Though the media did report this week that rap mogul P. Diddy changed his name back to Puff Daddy, its coverage was far too limited for such a newsworthy event.
To be fair, it was a busy news week. And we do commend the media for tackling the other stories that affect Americans and the world most: a pig wearing boots, foreigners trying to buy Budweiser's brewer, Hulk Hogan's wife dating a 19-year-old , a federal judge caught posting sexually explicit photos on his website, the sighting of a one-horned deer, how Preparation H shrinks love handles, why NYC is seeking more visas for hot foreign models, a pregnant male sea dragon, the scourge of "momnesia", an eight-limbed girl, scientists gone wild, and the groundbreaking study that found women in bikinis make men more impulsive.
We also think the media deserves credit for wasting precious little airtime, ink or pixels on lightweight stories such as Congressman Dennis Kucinich's introduction of 35 articles of impeachment against President Bush, the Senate's intelligence report confirming the Bush White House "led the nation to war [in Iraq] on false premises," the existence of the National Conference for Media Reform in Minneapolis, or why half a million South Koreans passionately protested against ending their country's ban on US beef imports.
Yes, the media at least had the good sense to almost completely side-step these puff pieces (pardon the pun!). But we feel it's also only fair to point out its lack of focus on Puff Daddy's name reversal, a quintessential American move that, in contemporary fashion, once again turns F. Scott Fitzgerald's famous statement on its head: "There are no second acts in American lives."
Sean "Puff Daddy" Combs, who's changed his name four to six times (depending on various sources), has once more proved his great contribution to music, America and the world. Just as John Lennon moved his generation to "Give Peace a Chance," telling them "All You Need Is Love," and encouraged people everywhere in "Power to the People" to join in solidarity against the corporate war machine, Puff Daddy inspired a generation to seek broader meaning, when he sang, "Young, black and famous, with money hangin' out the anus." Where Bob Dylan signaled the turning tide against stifling conformity and murderous hypocrisy with the lyrics, "You don't need a weatherman to know which way the wind blows," Puff Daddy charted a new course of enlightenment with the subtle and trenchant lyrics, "Now puff rule the world, even though I'm young/I make it my biz to see that all ladies come (yeah)/Get 'em all strung from the tip of my tongue/Lick 'em places niggaz wouldn't dare put they faces (c'mon)."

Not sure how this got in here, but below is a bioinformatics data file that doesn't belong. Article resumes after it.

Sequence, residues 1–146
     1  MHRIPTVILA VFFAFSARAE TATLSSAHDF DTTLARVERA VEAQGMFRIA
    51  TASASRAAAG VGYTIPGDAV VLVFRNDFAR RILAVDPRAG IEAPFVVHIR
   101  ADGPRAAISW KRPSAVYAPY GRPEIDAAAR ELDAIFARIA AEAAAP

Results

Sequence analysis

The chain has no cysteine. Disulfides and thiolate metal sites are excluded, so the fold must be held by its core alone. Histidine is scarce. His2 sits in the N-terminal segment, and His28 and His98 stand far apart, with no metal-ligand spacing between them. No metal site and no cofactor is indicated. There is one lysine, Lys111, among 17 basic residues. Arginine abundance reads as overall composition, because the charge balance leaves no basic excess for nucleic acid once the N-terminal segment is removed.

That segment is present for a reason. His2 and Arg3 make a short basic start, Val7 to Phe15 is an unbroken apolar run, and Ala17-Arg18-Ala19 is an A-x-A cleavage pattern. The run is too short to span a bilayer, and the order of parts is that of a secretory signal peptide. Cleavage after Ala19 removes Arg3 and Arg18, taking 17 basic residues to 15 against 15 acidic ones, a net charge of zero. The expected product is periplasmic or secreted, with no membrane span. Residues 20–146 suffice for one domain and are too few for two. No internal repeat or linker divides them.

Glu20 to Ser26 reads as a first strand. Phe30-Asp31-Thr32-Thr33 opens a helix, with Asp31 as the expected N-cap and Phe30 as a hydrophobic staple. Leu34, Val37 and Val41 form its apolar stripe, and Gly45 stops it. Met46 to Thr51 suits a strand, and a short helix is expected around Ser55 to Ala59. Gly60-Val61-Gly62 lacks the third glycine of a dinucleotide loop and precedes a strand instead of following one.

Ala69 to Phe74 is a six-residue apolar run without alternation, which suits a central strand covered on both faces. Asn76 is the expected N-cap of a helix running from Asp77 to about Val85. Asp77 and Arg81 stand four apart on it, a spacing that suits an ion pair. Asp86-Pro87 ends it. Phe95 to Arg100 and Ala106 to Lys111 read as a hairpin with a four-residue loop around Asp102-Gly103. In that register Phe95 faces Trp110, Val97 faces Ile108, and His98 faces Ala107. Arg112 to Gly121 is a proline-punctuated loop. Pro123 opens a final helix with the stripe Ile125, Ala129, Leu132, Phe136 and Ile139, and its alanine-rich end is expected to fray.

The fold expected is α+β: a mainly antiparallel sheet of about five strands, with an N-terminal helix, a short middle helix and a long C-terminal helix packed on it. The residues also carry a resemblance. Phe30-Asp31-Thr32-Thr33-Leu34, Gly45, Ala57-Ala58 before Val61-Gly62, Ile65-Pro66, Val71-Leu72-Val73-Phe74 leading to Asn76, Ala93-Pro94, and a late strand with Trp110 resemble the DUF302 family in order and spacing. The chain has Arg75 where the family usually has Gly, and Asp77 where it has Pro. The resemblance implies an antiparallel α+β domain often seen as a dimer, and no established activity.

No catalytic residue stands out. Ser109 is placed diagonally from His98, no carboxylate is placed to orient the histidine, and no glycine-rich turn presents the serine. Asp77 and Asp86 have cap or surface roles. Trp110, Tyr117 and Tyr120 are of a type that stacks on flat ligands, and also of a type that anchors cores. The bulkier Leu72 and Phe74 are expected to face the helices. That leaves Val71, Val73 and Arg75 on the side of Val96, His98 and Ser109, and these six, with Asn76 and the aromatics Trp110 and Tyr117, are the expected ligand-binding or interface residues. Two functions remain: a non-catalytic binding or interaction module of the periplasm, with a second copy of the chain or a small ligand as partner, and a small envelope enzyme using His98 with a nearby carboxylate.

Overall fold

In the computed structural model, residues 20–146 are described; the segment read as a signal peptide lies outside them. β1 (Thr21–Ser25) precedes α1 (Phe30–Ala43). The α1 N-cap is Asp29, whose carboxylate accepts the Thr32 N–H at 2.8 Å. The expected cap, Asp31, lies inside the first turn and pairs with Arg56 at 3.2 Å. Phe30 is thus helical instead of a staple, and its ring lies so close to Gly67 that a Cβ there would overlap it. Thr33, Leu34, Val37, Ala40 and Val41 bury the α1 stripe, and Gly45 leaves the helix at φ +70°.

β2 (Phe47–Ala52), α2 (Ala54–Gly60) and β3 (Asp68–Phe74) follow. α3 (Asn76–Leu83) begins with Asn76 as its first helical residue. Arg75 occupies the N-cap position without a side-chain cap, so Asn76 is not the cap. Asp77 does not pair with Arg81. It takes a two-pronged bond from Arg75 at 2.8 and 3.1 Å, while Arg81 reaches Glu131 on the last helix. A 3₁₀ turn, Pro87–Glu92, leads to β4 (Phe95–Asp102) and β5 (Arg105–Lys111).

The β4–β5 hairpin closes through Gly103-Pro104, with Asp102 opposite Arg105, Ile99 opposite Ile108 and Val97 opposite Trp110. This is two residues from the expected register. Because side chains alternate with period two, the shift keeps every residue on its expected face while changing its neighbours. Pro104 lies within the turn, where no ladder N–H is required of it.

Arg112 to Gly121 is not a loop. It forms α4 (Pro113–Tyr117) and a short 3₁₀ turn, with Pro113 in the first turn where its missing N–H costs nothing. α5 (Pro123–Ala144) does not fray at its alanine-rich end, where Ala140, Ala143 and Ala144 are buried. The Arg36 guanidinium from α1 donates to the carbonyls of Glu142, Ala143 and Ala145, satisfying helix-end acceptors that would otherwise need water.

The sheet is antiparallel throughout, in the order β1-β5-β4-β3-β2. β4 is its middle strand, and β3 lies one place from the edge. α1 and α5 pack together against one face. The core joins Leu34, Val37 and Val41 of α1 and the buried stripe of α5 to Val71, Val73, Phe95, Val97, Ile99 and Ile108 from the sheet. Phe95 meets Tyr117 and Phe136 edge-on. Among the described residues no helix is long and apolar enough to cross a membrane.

And who can forget his wildly successful 2004 "Vote or Die" campaign?
Now, some may argue Puff Daddy's business practices for his Sean John clothing line, including the use of Honduras sweatshops and fur from tortured dogs in China, are a blot on his otherwise impressive artistic and humanitarian achievements. But we believe such incidents only reinforce the power of the American Dream - that regardless of your background, race or religion, whatever the humbleness of your beginnings, or even if you're a musician who can't play a musical instrument - "If I learned to play an instrument, it would take away from what I do..." (Puff Daddy) - you, too, may one day amass over $350 million dollars on the backs of Third World sweatshops and the brutal treatment of animals.
Maybe if the news media took the time to better understand Puff Daddy, his most recent name change would've received the attention it deserved. If only reporters had dug a little deeper, they might have found what Sean "Puff Daddy" Combs, in his humility and wisdom, revealed about himself when he asked about his preference for dressing in white: "I feel safe in white because, deep down inside, I'm an angel."
So we're giving the media fair warning now: the next time Puff Daddy changes his name - and he will - please don't make the same mistake twice. While we understand your need to cover other critical news stories, such as, say, a talking French goat that break dances, a baby who dispenses iced tea from his ear, a cross-dressing beaver named Todd, or a study finding most men enjoy fellatio, remember that Puff Daddy also weighs heavily on the lives of most Americans.